No. 13 Oklahoma stymies James Madison, 64-61 Misses at line foil Dukes' upset bid

January 06, 1991|By Sam Davis | Sam Davis,Sun Staff Correspondent

LANDOVER -- James Madison did all the things it had to defensively to upset No. 13 Oklahoma, but missed free throws were costly as the Sooners held off the Dukes, 64-61, last night at the Capital Centre.

James Madison limited Oklahoma's normally high-powered offense to its lowest point total and field-goal percentage of the season in the first game of a college doubleheader.

Georgetown and Seton Hall met in the second game.

James Madison (5-6) made only 15 of 25 free throws. The two costliest misses came with 58.9 seconds left and Oklahoma clinging to a 62-61 lead.

Junior center Chancellor Nichols front-rimmed both ends of a one-and-one. Then, with 10 seconds left, Jeff Webster gave the Sooners some breathing room when he tapped in a missed shot to make it 64-61.

Kenny Brooks' three-point attempt for the Dukes was wide left as time expired.

"We gained confidence playing with a good team until the end, but if we had made our foul shots, we would have won," said James Madison coach Lefty Driesell, whose team was coming off an 89-65 loss to No. 1 Nevada-Las Vegas on Wednesday.

"I thought we outplayed them [the Sooners]; we just didn't make our foul shots. I hate to lose a game because of free throws. Hell, I can make free throws."

Webster led Oklahoma (11-2) with 24 points, and guard Terrence Mullins had 12.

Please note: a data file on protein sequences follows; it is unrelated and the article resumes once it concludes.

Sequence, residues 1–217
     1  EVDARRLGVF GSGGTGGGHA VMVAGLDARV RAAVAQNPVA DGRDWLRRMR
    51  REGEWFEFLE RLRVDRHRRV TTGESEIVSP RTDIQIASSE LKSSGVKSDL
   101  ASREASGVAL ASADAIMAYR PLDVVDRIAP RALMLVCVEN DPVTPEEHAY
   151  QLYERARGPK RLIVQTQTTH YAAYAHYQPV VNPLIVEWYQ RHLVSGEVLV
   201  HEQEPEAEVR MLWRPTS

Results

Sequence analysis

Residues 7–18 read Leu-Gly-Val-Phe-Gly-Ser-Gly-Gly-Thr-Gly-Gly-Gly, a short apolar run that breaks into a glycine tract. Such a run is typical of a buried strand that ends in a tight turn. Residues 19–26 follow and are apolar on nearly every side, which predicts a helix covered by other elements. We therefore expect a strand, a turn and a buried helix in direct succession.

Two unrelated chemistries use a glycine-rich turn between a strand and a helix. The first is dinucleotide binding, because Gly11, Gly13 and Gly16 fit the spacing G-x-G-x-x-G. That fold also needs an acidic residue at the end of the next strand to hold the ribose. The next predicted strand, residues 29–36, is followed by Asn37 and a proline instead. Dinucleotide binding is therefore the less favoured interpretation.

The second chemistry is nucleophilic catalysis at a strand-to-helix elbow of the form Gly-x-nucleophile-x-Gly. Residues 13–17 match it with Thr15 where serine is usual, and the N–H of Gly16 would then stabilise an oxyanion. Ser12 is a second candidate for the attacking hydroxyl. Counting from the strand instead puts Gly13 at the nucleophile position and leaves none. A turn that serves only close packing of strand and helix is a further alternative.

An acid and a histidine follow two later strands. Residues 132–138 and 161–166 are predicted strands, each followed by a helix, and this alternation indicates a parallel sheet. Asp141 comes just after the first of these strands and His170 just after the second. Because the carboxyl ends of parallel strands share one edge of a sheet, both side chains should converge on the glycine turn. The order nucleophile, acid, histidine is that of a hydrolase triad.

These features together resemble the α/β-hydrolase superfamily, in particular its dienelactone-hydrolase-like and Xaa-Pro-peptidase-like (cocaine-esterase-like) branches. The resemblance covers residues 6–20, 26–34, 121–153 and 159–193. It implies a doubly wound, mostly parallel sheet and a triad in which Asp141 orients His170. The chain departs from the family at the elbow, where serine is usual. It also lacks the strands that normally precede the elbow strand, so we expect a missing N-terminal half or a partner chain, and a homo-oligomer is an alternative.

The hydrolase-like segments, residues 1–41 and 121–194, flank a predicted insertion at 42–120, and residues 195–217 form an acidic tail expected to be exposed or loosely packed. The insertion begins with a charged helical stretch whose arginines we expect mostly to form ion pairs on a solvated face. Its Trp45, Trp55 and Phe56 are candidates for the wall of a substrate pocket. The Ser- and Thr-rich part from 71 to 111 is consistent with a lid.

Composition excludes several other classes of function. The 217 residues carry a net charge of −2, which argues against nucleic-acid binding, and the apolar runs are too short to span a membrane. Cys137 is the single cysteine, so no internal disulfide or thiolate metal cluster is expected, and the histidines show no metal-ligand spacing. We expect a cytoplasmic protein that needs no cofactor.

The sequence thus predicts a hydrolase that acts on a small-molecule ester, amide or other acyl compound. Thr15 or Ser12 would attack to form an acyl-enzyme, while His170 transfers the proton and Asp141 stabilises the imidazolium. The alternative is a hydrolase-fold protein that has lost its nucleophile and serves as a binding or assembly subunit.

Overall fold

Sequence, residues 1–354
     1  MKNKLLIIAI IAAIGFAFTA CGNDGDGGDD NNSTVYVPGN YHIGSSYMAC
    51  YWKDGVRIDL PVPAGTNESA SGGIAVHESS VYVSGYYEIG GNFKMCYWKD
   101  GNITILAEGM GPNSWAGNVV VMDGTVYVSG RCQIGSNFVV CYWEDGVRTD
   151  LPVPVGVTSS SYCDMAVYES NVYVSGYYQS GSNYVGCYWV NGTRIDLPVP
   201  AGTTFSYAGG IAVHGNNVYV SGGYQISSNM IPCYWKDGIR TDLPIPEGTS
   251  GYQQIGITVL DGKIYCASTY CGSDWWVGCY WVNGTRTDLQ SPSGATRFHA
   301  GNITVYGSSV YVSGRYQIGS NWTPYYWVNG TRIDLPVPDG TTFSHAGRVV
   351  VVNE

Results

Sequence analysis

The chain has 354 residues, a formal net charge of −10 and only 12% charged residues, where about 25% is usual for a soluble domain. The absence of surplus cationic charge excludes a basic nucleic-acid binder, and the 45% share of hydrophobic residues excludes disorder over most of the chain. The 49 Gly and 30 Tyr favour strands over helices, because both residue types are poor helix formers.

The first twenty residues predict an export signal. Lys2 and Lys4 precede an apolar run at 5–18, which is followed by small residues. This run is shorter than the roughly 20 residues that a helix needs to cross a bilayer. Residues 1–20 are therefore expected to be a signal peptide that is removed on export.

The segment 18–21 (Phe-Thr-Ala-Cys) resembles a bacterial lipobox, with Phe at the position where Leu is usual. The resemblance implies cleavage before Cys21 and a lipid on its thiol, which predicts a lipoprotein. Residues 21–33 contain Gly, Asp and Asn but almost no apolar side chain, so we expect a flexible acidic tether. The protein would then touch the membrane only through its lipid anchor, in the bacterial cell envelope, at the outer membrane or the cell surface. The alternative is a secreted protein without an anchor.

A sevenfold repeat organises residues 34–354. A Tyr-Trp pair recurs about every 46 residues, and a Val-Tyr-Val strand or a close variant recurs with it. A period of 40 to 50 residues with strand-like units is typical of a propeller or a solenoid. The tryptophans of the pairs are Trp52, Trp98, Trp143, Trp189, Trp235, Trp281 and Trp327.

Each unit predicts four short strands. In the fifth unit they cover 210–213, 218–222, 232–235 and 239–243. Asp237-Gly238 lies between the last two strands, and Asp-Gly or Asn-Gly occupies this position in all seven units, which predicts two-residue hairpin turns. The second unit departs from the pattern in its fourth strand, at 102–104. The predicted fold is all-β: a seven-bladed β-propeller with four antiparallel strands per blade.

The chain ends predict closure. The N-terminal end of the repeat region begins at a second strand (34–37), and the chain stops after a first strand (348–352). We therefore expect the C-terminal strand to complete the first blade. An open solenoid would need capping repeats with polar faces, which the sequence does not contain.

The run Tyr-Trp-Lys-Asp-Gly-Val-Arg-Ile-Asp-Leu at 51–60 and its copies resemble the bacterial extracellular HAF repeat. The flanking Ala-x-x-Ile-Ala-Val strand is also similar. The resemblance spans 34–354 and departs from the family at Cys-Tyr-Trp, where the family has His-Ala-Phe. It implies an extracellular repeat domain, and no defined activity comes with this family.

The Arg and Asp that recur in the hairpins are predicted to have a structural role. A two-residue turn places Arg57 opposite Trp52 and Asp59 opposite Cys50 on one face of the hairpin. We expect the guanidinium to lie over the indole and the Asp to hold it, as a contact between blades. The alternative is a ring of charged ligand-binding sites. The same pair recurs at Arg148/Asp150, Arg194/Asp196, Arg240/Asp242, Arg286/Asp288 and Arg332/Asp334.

The Sooners made just 35 percent (24-for-68) of their field-goal attempts. The team's previous low this season was 41.5 percent against Coppin State on Dec. 10.

James Madison used an aggressive man-to-man defense to limit the Sooners to 24 percent (9-for-37) shooting in the first half, as the Dukes built a 31-26 halftime lead.

The 26 points was also a season-low for one half for the Sooners.

But in the second half, Webster took control inside against the smaller Dukes and the Oklahoma offense began to resemble that of the team that came into the game with a 113-points-per-game average.

Webster, who hit just one of four field goals in the first half, connected on 10 of 13 in the second half.

"We made the adjustments we needed to make at halftime, and we were in a little better control," said Oklahoma coach Billy Tubbs. "Jeff Webster had an outstanding game. He was the only thing we had going in the second half."

James Madison nearly shut down Sooners point guard Brent Price and forward Kermit Holmes, both of whom were averaging more than 20 points.

Price finished with two points and hit just one of nine field-goal attempts. Holmes made one of five shots from the field and finished with four points.

Steve Hood led James Madison with 20 points, although the senior guard also had a poor shooting day, hitting just five of 14 field-goal tries and 10 of 15 free throws.

Tubbs credited Mullins, a senior, with slowing Hood, who scored 36 in JMU's 142-109 loss to the Sooners last season.

"Terrence Mullins had a good game," Tubbs said. "Not only in scoring for us, but I thought he [also] did about as good a job as you can do on Hood. I think he was 5-for-14, and I think he's a much better shooter than that. Normally he's a better free-throw shooter than 10-for-15."

Hood said: "We should have won the game. We turned the ball over too much [21 times] and missed too many free throws at the end."

Baltimore Sun Articles
Please note the green-lined linked article text has been applied commercially without any involvement from our newsroom editors, reporters or any other editorial staff.